What is new in the Catalogue?
MOFCOM and MOST last updated the Catalogue in 2008. In a span of more than a decade, as a key part of its industrial plans, China has invested significantly in cultivating domestic technology industries and developing cutting-edge and emerging technologies resulting in significant advancements in a range of areas.  
The additions to the Catalogue, to some extent, reflect the trends and shifts in technology development, particularly in relation to technologies of strategic importance or pertaining to national security. A summary of notable additions to the Catalogue is set out at the end of this alert. The highlights include the following:
  • A total of 23 categories have been added to the restricted list.
  • These include a wide range of technologies such as 3D printing, drone, laser, password security, high-performance detection, and design and manufacturing technology of core components of petroleum equipment.
  • The technical parameters of 21 existing categories have been updated to include new technologies.
  • For information processing technology, the additions include personalised information push services based on data analytics, speech synthesis technology, voice evaluation technology, as well as artificial intelligence interactive interface technology.
  • For biotech and pharmaceutical industry, newly added restricted technologies include oral rotavirus vaccines and polysaccharide protein binding technology.
Furthermore, the Catalogue also removed a small number of relatively older technologies:
  • Four categories of technologies have been removed from the export prohibited list, including microbial fertilising, caffeine production (by chemical synthesis or semi-synthesis) and medicine production (by chemical synthesis or semi-synthesis) technologies.
  • Five categories of technologies that are restricted from export have been removed, including Newcastle disease vaccine, natural medicine production and information security firewall software technologies.
Notably, MOFCOM published the draft amendments to the Catalogue for public comments in June 2018. Most of the changes mentioned above were included in the earlier draft version.
Implications for technology and IP transactions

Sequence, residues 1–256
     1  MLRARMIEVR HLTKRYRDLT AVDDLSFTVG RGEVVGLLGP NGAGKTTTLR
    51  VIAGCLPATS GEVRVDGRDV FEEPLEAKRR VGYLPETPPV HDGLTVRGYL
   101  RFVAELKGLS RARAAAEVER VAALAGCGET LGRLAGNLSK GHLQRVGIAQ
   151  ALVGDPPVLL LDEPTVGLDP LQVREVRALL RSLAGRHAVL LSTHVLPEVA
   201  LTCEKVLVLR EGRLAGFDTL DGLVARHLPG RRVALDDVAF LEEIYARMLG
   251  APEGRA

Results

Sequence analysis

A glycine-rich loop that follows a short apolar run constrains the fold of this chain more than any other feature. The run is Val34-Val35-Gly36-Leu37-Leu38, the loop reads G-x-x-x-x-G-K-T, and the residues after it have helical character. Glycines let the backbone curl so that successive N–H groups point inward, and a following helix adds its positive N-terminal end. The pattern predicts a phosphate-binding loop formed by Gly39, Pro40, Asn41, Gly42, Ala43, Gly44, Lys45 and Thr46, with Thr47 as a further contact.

According to the Technology Export Regulations, export of any restricted technology requires both a pre-approval and post-verification by MOFCOM. Applications need to be submitted to MOFCOM at the provincial level. Local MOFCOM will transmit the application for review and consultation with local MOST. This leaves considerable discretion to the agencies in processing the applications, ranging from requiring the details of the technology to be exported, to interpreting the technical parameters which appear to be broadly worded under the Catalogue, and potentially regulating the export of sensitive technologies in various different forms.   
In particular, in addition to an outbound IP assignment or licensing arrangement, typical licence-back or grant-back clauses in connection with a joint venture cooperation or a pure inbound licensing deal would arguably constitute a technology export. Export of finished products involving sensitive technologies as well as cross-border technical service arrangements could also fall within the purview of the export control regime.
This might be the reason why ByteDance may have to suspend negotiations over the pending sale of TikTok and reassess the requisite PRC regulatory requirements that might be triggered by the potential deal. The Catalogue now sets out restricted categories relating to personalised information push service technology based on data analytics, as well as a set of artificial intelligence technology, including voice recognition, microphone array and interaction and understanding technology. TikTok is reported to rely on an array of proprietary algorithms for its artificial intelligence and related spheres that potentially fall within these restricted categories. 
Although the TikTok implications have drawn a significant amount of attention to China’s existing export control regime, we note that the export approval process has been rarely triggered historically. Most provincial MOFCOMs have limited experience in dealing with these types of applications. As such, the actual, broader implications of the recent amendments to the Catalogue will likely vary, depending on the nature of the IP, the sensitivity of the technology, as well as the parties involved and the structuring of the transaction. 
Potential impact on the FDI regime and beyond
While the immediate implications for the technology and IP transactions are yet to be fully assessed, the amendments to the Catalogue have signalled China’s intention to enhance the protection of its emerging technologies in the sense of both national security and strategic importance. 
Similarly, regulatory control and intervention in the other contexts might become more visible and active, in light of the increasing tension in the US-China relationship.